You may have seen the Village Voice this week featuring Jose Reyes on its cover and a provocative “Stealing Mickey’s Mantle” headline. Inside, Allen Barra’s article draws parallels between Reyes and Mantle, noting they shared a city, switch-hitting and stealing ability, a reputation as their era’s most exciting players, and of course, a uniform number (7).
If we going down that path though (and clearly Barra is) I’d sooner associate a pair of 5s in David Wright and Joe DiMaggio. And though he raises some interesting points, Barra ultimately bungles the story by getting the Met psyche all wrong:
If José Reyes is being overrated, it may be in large part because Mets fans want to will him into being the first truly great everyday player in team history.
This notion, central to the piece — the subhed says as much — would come off more believable had Barra bothered to include any points of view from an actual Met fan as part of the piece. (Had he asked a year ago, he’d have caught many of us hoping only that Reyes approach adequateness). But having built a case for Met fans being tortured and unrealistic, Barra then gets a guy who draws paychecks from the YES network (Goldman) to poke holes in his own trumped-up theory. (Oh, you poor delusional Met fans. Someone must show you tough love). Finally the entire thing is wrapped way too tightly in Yankee perspective: The Mantle comparison is one thing, but the nauseating Jeter showdown at the end is barely even honest (we get a “similar points in their career” comparison strongly favoring Jeter when comparing like-ages would tell a very different story). Bring back Billy Altman!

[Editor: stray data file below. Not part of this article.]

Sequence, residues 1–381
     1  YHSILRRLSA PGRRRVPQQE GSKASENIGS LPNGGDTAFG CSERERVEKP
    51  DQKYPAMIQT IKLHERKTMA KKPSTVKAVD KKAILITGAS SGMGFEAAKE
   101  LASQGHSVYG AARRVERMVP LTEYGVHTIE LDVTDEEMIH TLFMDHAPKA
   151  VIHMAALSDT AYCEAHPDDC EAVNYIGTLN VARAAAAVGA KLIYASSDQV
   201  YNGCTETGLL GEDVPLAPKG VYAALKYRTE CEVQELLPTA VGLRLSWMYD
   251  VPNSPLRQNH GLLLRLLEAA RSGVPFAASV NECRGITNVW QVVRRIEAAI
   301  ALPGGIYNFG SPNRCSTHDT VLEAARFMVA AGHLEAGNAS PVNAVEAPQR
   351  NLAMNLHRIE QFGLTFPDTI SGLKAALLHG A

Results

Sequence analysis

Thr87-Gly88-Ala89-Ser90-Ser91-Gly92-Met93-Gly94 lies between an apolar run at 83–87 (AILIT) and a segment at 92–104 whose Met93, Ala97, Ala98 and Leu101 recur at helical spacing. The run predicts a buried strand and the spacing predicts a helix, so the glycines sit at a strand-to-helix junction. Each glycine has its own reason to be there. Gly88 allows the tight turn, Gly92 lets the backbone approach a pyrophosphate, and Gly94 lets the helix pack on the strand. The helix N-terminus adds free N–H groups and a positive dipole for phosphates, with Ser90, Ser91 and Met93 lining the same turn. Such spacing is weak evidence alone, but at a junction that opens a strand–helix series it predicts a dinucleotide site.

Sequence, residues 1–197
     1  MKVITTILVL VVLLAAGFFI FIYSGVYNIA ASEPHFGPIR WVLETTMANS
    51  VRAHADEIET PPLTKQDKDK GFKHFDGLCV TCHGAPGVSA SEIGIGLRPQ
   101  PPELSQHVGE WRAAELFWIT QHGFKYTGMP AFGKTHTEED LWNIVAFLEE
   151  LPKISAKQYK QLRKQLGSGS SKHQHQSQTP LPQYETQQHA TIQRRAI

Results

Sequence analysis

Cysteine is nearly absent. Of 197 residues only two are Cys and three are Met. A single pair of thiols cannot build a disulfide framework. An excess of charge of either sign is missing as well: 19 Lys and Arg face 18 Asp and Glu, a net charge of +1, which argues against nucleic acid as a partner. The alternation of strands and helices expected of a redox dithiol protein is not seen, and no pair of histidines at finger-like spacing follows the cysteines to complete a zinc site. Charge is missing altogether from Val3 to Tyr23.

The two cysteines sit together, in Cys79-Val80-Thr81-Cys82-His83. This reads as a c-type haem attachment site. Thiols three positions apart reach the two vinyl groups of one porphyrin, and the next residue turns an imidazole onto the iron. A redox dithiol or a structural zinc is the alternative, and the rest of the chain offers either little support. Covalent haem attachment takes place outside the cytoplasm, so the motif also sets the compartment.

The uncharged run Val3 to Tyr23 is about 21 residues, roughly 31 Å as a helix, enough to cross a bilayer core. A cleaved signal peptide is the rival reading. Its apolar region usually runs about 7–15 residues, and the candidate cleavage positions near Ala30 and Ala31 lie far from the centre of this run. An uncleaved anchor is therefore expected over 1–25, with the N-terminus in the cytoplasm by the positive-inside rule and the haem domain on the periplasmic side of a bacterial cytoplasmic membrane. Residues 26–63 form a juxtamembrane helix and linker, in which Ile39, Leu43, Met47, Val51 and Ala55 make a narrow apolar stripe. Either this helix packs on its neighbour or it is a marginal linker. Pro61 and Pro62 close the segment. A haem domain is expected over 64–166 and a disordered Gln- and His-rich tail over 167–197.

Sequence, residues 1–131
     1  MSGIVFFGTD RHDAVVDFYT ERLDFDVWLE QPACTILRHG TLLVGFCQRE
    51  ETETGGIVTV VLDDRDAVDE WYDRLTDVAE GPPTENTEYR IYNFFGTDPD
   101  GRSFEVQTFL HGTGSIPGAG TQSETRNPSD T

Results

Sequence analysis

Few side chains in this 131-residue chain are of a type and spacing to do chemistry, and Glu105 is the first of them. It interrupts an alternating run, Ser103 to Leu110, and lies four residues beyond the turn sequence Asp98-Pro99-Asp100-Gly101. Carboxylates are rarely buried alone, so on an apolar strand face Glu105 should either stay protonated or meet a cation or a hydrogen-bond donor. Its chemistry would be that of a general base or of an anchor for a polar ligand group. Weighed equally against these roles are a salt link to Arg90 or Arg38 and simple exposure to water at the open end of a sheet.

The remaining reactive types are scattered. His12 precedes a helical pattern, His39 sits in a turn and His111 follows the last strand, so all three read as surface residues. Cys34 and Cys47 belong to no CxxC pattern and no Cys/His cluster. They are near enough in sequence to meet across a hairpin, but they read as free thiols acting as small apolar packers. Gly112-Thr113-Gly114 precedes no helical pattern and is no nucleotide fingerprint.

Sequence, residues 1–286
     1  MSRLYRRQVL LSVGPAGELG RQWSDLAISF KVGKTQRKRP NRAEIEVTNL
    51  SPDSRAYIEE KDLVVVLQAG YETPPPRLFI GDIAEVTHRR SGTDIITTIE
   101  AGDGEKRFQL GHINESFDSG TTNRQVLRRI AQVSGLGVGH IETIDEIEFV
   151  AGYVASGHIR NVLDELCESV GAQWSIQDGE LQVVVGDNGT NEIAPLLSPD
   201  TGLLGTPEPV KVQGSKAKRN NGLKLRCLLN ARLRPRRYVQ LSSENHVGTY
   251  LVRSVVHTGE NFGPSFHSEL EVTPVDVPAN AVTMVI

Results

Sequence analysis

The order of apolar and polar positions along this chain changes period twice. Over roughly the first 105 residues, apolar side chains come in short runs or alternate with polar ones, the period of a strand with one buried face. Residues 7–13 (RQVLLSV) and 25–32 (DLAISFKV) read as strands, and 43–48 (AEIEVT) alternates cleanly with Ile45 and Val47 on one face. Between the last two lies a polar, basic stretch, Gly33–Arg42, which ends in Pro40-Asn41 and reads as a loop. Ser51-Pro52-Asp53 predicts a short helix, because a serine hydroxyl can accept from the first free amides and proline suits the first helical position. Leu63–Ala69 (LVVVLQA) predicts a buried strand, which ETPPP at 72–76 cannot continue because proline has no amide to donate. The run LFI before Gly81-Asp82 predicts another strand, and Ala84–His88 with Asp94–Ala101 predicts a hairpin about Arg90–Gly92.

Thanks to reader effort we’re relatively sure catcher Sandy Alomar Jr. is wearing No. 90 which we also think may be the highest number in camp this spring. Nice job by the Mets to dress longshot catching invitee Jose Reyes in No. 77, which not only recalls his famous namesake but indicates he’s roughly twice his size. In a new number this spring is Steve Schmoll, submarining in the No. 38 jersey belonging most recently to Victor Zambrano.Schmoll last year attended camp wearing 46.
Zambrano, by the way, is non-rostering it with the Blue Jays wearing No. 31. Steve Trachselof the Orioles is wearing No. 18. And in an arrangement we won’t believe till we see, Cliff Floyd wears No. 15 for the Cubs (And Ted Lilly gets 30. Really, now).
The new contract signed by David Wright last week all but assures he’ll become the longest tenured No. 5 in team history, surpassing Steve Henderson — unless he’s also traded to the Cubs for Dave Kingman.Meanwhile, Jose Reyes, who signed a four-year deal last week, still has a long, long way to go to catch Ed Kranepool’s 17 years of service in the No. 7 jersey.